The sentences for long term political prisoners are extreme. And cruel, revenge for the prisoner’s challenge to the system rather than appropriate punishment for alleged crimes of self defence or for the unplanned tragedies of political actions. Because many here were provably targeted by law enforcement programs to silence them and are likely to be innocent, the length of prison terms falls into a pattern of racist and political oppression.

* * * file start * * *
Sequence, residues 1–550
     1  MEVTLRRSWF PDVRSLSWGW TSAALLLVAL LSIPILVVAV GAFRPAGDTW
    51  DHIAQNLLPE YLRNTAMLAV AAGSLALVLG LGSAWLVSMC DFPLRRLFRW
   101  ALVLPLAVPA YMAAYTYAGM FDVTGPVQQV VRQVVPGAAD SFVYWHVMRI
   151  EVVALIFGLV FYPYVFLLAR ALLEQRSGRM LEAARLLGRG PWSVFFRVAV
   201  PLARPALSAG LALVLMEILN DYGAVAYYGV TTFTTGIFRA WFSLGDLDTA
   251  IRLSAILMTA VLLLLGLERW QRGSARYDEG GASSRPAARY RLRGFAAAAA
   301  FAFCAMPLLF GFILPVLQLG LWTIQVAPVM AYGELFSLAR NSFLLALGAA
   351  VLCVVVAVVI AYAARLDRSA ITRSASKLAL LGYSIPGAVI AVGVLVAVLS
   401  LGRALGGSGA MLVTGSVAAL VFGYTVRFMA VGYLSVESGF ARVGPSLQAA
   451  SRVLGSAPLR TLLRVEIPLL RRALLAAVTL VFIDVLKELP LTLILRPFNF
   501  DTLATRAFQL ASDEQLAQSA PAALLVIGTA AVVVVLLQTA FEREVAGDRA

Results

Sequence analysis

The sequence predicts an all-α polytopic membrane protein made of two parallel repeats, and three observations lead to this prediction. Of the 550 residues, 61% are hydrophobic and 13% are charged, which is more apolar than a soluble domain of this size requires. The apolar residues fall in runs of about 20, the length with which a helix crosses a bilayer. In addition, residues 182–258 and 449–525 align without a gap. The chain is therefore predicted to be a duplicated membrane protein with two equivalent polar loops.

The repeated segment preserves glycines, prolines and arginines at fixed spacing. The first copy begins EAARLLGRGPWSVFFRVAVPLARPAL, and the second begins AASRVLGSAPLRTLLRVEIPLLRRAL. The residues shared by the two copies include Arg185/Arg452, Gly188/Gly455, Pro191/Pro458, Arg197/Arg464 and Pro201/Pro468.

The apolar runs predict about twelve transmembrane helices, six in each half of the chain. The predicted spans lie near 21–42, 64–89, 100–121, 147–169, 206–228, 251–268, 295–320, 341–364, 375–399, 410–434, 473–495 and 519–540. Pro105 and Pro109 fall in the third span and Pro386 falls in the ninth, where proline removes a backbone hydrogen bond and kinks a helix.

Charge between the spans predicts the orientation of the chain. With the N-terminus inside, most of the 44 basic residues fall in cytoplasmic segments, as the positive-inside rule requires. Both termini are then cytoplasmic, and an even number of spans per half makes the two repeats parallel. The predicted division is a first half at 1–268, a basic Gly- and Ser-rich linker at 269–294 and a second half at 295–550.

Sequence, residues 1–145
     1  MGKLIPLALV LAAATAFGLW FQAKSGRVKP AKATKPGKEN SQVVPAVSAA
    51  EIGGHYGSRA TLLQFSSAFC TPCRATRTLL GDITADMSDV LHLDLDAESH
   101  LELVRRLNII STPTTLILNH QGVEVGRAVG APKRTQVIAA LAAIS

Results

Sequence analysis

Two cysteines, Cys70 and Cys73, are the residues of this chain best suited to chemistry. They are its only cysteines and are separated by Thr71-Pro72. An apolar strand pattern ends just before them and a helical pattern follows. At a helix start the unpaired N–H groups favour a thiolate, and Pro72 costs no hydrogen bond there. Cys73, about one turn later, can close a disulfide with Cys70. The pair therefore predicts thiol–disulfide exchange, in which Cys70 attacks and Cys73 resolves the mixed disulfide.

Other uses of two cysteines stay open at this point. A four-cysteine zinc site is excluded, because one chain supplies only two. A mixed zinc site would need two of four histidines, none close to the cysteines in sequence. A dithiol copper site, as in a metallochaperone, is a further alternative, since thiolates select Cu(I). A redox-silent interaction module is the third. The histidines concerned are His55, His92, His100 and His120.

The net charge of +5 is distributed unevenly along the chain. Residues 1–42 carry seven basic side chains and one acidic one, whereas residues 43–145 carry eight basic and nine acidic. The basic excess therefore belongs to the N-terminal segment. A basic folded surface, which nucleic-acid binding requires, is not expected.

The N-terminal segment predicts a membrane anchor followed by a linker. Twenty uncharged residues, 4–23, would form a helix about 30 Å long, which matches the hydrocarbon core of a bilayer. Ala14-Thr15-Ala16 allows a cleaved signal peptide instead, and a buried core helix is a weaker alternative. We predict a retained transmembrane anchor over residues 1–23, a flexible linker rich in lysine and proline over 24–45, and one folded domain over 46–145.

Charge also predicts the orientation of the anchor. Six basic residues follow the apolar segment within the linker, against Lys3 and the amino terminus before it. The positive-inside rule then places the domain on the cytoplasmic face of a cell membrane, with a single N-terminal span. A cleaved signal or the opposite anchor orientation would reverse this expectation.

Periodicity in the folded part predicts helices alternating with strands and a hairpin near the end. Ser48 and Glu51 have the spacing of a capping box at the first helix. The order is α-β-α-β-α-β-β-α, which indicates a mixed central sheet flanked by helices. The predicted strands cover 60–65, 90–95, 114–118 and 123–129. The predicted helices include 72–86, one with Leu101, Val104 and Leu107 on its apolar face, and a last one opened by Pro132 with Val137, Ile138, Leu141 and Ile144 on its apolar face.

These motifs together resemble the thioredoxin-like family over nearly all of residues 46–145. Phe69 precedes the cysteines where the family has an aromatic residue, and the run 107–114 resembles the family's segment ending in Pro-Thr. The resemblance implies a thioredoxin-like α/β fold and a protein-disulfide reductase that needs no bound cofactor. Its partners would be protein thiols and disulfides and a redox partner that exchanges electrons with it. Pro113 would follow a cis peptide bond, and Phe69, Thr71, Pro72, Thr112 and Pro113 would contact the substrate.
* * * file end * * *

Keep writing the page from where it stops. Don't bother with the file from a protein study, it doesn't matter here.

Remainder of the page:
The prisoners are consistently from Black or left wing resistance groups after moderate leaders within the system were assassinated. The arrests and sentencing come from a time when police actions against Black Panthers were overtly criminal (Fred Hampton) and covertly part of a military and law enforcement war against the left, anti war resistance, the poor. Allegations against leaders of Black communities couldn’t be relied on as   factual. While “life imprisonment” is better than death who will tell us that it’s bearable? Beyond sentencing, some cases show repetitive patterns of withholding medical care to the point of extrajudicial punishment, particularly where the prisoner was accused of crimes against police (ref. Oct. 13, 2013). The additional extra-judicial punishment of holding a prisoner for years in solitary confinement is finally being recognized as a crime. It’s torture. Political prisoners targeted for their convictions, their organizing, their truths, suffered more than most of us can sustain, and some have survived. Their lives weren’t allowed to be lived. Their suffering was caused and intended to scare everyone else. We remember political prisoners because they keep alive our hope that there will always be people who say no to what is unacceptable.